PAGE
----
Platinum prices should stay in touch with current 23-year peaks even though key consumers in the vehicle industry are turning to palladium to build the technology to clean up exhaust emissions, analysts told Reuters on Wednesday.

The news agency said car manufacturers are looking increasingly at the ratios of precious metals used in their anti-pollution systems, mindful of the premium platinum commands over palladium - currently more than $US500 an ounce.

Spot platinum was trading on Wednesday afternoon at $726.00/731.00 an ounce after touching a 23-year high of $730.00 earlier, while palladium was at $209.00/214.00, Reuters said.

The news agency noted that General Motors in May said it was set to switch from platinum to palladium to make its catalytic converters, and analysts say that other firms are making similar adjustments.

"I've got absolutely no doubt that the car companies are desperately trying to use up as much palladium and as little platinum as they can get away with," HSBC Metals analyst Allan Williamson told Reuters.

He reportedly added, however, that he could not see moves towards palladium shifting either market in the short term because of the time it took to switch from one metal to the other and because vehicles powered by diesel could only use platinum.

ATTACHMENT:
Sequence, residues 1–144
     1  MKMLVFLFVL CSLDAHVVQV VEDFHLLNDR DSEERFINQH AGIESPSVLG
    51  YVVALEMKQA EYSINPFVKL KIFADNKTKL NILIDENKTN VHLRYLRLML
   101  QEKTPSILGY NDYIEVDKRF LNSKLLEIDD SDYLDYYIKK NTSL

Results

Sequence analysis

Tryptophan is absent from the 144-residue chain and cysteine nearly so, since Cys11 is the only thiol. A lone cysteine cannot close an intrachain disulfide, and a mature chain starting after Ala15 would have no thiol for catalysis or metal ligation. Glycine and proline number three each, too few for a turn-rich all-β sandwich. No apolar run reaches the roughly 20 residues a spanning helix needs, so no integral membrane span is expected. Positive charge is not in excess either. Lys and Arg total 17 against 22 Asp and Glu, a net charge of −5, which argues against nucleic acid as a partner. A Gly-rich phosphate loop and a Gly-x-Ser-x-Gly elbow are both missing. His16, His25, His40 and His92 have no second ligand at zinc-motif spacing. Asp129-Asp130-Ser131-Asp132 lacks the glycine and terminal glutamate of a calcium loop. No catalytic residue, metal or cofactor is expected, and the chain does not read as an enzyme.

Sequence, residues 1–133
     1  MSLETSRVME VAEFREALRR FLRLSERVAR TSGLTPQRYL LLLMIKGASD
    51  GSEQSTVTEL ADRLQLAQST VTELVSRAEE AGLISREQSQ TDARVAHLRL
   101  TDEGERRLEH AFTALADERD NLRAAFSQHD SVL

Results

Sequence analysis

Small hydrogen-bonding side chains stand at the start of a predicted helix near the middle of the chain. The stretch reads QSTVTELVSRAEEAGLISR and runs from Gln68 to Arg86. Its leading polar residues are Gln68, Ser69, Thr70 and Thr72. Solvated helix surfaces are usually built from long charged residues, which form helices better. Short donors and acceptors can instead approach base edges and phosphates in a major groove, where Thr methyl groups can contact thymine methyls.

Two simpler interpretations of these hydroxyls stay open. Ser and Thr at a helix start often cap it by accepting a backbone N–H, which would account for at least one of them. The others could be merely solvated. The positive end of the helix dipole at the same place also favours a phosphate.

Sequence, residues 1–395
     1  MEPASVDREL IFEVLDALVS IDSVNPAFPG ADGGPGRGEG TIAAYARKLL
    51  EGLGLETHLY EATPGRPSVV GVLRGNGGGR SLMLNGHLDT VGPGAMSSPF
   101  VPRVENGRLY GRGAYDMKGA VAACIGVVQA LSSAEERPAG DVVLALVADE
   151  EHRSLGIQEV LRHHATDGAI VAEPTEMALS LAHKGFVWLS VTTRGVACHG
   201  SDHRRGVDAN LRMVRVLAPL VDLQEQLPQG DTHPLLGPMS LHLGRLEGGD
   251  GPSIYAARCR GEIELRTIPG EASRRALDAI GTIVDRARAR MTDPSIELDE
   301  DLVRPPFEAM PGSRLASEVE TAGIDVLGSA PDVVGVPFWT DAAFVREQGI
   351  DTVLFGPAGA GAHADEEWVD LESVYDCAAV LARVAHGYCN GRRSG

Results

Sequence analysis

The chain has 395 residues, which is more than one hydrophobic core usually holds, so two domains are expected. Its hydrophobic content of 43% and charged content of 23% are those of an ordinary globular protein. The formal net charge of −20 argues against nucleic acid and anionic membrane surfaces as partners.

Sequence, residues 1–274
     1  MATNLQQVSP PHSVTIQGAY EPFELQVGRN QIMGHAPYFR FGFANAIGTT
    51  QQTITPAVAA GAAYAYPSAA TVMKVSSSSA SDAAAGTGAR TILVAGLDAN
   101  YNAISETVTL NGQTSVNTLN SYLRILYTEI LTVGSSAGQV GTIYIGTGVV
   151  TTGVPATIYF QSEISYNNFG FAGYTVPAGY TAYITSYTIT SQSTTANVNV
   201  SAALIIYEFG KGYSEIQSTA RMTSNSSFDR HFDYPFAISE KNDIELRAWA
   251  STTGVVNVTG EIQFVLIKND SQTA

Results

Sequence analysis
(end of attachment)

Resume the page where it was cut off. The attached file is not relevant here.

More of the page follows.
Rainaldo O'Meara, market research manager for UK refiner Johnson Matthey told Reuters vehicle makers had more to consider than just the base price of the metal.

"It's a case of looking at whether or not the wider economics work as well," he reportedly said.

Analysts have speculated that the lead-time for a switch could be anything from six months to three or four years, Reuters said.

Societe Generale economist Stephen Briggs told the news agency the impact of car makers switching metals would not be seen until next year or possibly 2005, but he was bullish for platinum's medium-term outlook.

"Remember that this really only applies to petrol cars -- it doesn't apply to diesel, and that's another reason why the Europeans don't concern themselves quite as much because European cars are very heavily geared to diesel," he told Reuters.